In “The Force of Such Beauty,” a new novel publishing in July, writer Barbara Bourland critiques the happily ever after in the form of a modern fairy tale: a former Olympian is swept off her feet by a young, European royal and becomes a princess, literally. Though things are not as charming as they seem for the main character, and she soon ends up a “prisoner princess.”
Marrying money is the dream (at least, on paper) for most of the characters in “Bridgerton,” Netflix’s hit show now in its second season. For the young women, it’s really the only way to improve their circumstances and that of their families. The sole future they can hope for is a good marriage.
On the romance front, the first season of “Bridgerton” featured a near-miss with a prince and a tidy ending with a duke. But love in the second season is more unrequited, and fans are clamoring for a direction the show seemed to be hinting at with likable Benedict but then abruptly changed course: a queer romance.
Enter the Regency romance book.
Regency romances are a huge category, so much so that it shocked my sister and me when I set out to explore it. As my sister said, “Wasn’t that a period of only a few years?” Fleetingness aside, its historic presence resonates in thousands of popular books (thanks to Jane Austen and Georgette Heyer). “Bridgerton” itself was adapted from a book series by Julia Quinn, but unlike those novels, some of the most popular Regency romances today are queer.
Here are some new or forthcoming Regency romance books with an important and much-needed difference: they feature queer characters. And unlike the common and derided “bury your gays” TV trope, here love is allowed to bloom and live.
1. “Her Duchess to Desire” by Jane Walsh (Bold Strokes Books)
Published in March 2022, “Her Duchess to Desire” is the latest from Walsh, a queer writer whose historical romances also include the charming “Her Countess to Cherish” and “Her Lady to Love.” The most recent novel concerns the Duchess of Hawthorne, nicknamed the “Ice Queen” of London society, who, in an attempt to forget her cheating duke husband, decides to renovate her Mayfair estate, in the process falling for her interior designer, who happens to be an unmarried mother.
2. “A Lady for a Duke” by Alexis Hall (May 24, Forever)
The highly anticipated new novel by Hall – author of the “Regency romp” “Something Fabulous” and the contemporary “Boyfriend Material” – deals with finding yourself, finding love after grief, and dealing with alcohol and opium addiction. It’s also a Regency romance with a trans heroine, a main character who discovers she may have a second chance for love with a longtime friend. As one reader wrote on Goodreads, “Despite its tough topics, ‘A Lady for a Duke’ is a comfort read.”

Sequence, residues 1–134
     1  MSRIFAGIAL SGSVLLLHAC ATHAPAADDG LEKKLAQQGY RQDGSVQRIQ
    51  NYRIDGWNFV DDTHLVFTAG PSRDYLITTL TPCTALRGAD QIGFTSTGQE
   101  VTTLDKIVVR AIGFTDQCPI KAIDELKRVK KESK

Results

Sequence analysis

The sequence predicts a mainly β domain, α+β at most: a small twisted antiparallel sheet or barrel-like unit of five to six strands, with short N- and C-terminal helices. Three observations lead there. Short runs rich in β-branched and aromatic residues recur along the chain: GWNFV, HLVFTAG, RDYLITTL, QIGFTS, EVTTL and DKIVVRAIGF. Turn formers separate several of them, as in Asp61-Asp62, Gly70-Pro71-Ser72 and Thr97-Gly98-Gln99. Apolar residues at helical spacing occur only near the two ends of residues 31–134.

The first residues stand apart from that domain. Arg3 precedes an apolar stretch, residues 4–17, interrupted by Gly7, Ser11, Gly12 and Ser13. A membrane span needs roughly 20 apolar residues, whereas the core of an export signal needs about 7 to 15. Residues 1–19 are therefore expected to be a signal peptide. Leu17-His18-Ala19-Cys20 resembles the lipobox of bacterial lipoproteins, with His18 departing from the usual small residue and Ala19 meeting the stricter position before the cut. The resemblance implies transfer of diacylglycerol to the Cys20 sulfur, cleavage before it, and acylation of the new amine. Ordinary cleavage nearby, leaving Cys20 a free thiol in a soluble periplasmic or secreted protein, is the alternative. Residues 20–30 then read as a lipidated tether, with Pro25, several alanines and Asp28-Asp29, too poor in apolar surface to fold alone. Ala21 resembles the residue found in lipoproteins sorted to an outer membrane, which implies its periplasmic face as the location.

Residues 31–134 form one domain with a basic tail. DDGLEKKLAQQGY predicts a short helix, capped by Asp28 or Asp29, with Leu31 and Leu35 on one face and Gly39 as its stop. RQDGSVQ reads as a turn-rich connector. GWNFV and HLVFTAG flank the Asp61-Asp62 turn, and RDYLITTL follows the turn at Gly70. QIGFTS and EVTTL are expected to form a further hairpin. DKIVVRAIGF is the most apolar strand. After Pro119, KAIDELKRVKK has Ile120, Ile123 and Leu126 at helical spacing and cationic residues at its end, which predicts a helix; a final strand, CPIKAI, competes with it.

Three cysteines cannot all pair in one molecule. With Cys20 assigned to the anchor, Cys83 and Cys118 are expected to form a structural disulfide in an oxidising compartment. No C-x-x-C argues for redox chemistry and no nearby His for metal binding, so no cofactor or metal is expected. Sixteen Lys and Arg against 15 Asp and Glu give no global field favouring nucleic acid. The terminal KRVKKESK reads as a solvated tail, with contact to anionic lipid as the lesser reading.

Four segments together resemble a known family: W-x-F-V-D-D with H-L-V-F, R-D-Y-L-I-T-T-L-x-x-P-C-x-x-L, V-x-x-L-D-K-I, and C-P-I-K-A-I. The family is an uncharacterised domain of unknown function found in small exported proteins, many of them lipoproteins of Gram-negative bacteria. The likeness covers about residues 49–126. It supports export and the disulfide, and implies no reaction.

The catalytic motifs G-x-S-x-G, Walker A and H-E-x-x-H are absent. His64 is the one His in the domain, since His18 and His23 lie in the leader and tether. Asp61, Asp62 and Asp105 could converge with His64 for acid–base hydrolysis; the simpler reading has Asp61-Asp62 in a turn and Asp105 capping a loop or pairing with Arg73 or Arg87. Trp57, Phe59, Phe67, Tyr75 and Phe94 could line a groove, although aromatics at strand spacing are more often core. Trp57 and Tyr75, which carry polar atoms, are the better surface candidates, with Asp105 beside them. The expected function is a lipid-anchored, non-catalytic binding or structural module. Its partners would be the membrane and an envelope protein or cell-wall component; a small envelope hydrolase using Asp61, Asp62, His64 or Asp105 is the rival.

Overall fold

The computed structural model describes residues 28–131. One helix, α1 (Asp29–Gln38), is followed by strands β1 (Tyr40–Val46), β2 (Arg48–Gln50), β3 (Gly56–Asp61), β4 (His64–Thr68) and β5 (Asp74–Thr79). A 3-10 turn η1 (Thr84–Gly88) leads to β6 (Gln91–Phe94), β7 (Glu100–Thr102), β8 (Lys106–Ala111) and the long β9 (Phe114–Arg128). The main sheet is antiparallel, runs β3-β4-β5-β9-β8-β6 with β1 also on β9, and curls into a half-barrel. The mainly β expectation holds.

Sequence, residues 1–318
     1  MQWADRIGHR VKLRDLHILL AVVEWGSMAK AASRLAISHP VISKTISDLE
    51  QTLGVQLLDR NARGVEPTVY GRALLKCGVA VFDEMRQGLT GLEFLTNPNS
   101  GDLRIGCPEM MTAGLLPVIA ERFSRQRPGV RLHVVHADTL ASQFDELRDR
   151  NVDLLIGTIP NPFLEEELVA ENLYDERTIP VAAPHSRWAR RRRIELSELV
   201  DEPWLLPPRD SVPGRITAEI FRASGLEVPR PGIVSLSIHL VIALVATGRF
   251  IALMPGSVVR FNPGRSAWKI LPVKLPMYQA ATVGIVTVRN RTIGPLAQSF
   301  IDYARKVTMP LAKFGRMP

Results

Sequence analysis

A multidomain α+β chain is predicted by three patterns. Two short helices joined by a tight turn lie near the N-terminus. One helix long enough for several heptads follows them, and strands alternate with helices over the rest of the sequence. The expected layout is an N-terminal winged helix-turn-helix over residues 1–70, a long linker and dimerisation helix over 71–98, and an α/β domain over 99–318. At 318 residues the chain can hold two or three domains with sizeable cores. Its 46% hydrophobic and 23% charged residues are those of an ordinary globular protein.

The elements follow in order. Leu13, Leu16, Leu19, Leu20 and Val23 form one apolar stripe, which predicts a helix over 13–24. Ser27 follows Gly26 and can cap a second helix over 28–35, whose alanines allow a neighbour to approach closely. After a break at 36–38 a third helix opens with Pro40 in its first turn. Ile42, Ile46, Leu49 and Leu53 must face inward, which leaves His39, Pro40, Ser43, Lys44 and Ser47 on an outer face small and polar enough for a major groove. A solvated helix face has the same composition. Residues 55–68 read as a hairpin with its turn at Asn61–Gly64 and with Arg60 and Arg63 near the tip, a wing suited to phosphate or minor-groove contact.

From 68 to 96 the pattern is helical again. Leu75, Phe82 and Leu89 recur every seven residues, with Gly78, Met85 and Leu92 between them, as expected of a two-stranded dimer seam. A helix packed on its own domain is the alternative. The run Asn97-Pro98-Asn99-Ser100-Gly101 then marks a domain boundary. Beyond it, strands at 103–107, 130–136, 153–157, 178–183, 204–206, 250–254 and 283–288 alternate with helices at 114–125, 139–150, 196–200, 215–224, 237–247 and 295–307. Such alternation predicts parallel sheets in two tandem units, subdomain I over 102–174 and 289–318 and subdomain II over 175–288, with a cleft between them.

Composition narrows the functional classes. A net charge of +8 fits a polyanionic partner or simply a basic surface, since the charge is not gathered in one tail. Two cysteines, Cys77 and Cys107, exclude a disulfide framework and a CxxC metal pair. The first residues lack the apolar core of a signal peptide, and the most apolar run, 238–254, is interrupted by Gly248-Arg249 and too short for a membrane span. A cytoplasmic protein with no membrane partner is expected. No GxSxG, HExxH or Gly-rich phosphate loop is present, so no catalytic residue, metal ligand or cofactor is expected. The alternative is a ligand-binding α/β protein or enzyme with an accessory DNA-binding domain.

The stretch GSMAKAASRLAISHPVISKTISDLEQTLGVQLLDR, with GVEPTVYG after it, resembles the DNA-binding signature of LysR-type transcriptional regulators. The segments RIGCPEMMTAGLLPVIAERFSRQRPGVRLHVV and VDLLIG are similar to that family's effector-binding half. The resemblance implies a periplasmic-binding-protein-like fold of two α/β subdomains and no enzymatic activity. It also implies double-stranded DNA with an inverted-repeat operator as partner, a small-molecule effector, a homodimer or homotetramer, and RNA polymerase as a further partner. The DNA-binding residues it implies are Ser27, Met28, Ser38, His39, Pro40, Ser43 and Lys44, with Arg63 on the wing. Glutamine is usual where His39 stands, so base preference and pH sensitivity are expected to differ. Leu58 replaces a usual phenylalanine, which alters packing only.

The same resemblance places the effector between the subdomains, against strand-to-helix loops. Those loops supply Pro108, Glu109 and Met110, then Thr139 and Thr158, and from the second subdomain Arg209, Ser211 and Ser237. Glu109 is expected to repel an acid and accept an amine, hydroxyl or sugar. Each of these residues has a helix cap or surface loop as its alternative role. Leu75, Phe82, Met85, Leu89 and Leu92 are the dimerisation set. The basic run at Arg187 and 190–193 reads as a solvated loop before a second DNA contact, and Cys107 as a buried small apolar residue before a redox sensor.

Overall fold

3. “The Perfect Crimes of Marian Hayes” by Cat Sebastian (June 7, HarperCollins)
“The Perfect Crimes of Marian Hayes” is a follow-up to the novel “The Queer Principles of Kit Webb,” by Sebastain, who’s written over a dozen queer historical romances. A bonus for lovers of Regency romance? Many books, like this one, are part of a linked series, which continue the adventures of familiar characters in beloved settings. In this installment, Marian Hayes, the Duchess of Clare, has just shot her husband and fallen for her blackmailer, as one does on the road while on the lam during the Regency.
4. “Mirror Monster On My Wall” by Tam Nicnevin (2021, Den of Shadows Publishing)
A heroine described as “half-Black, autistic, and wholly uninterested in the romantic company of men” can handle her difficult stepmother, until the young woman learns she’s been betrothed to the cruel Lord Matthew Hillborough, Earl of Pennwood. Her only real friends? Four creatures in her mirror who may be more real (and helpful) than she realized. Set in the Regency, this novella blends fairy tales and historical romance (and sex) in its wholly original tale.
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5. “The Perks of Loving a Wallflower” by Erica Ridley (2021, Forever)
A Regency romance with a master of a disguise and a Bluestocking? What could be more swoon-worthy? How about the fact that the smitten pair on the cover of Ridley’s “The Perks of Loving a Wallflower” is a real-life couple, so chosen “so they could nuzzle for the camera without violating COVID safety protocols,” according to The New York Times, which covered Ridley’s delightful latest in an article about bestselling queer romances. “The Perks of Loving a Wallflower” is so popular, it was sold “not only in bookstores but also in pharmacies, grocery stores and Walmart.”
Even notoriously discerning Eloise Bridgerton would be impressed.
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